BSE (bovine spongiform encephalopathy) is a progressive neurological disorder of cattle that results from infection by an unusual transmissible agent called a prion. The nature of the transmissible agent is not well understood. Currently, the most accepted theory is that the agent is a modified form of a normal protein known as prion protein. For reasons that are not yet understood, the normal prion protein changes into a pathogenic (harmful) form that then damages the central nervous system of cattle.
Mad Cow Disease is a neurological disorder of cattle.
New Case of BSE Detected in United States
On July 18, 2017, the U.S. Department of Agriculture (USDA) announced the confirmation of the fifth U.S. case of bovine spongiform encephalopathy (BSE) in an 11-year-old cow in Alabama. The cow was found through USDA’s routine surveillance. The cow was positive for an atypical (L-type) strain of BSE. Atypical BSE usually occurs in older cattle and seems to arise spontaneously in cattle populations.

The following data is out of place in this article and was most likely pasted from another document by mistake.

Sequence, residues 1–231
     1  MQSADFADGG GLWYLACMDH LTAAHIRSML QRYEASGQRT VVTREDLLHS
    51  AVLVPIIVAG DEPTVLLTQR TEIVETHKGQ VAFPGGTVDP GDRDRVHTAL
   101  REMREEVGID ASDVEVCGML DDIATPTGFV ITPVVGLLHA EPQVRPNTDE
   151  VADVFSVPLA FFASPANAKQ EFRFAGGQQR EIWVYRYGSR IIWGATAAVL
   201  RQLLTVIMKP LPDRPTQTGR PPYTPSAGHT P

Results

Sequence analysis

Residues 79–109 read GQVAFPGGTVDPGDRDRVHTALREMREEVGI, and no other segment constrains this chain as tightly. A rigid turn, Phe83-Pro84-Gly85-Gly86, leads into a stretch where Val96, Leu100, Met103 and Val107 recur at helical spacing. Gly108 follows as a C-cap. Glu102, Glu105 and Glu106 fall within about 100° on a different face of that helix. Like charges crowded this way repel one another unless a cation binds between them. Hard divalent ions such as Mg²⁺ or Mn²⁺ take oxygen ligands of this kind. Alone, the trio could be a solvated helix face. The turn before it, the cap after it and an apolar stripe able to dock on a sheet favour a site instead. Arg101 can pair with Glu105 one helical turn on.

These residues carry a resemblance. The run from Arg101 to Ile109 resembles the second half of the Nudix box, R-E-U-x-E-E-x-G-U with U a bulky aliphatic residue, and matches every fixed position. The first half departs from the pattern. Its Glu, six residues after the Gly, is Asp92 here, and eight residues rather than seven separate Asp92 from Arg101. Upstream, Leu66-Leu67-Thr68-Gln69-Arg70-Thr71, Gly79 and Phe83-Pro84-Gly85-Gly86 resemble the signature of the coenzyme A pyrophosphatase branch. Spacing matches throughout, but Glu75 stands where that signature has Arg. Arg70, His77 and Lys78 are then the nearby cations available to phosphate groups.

See the USDA notice.
- Page last reviewed: August 9, 2017
- Page last updated: August 9, 2017
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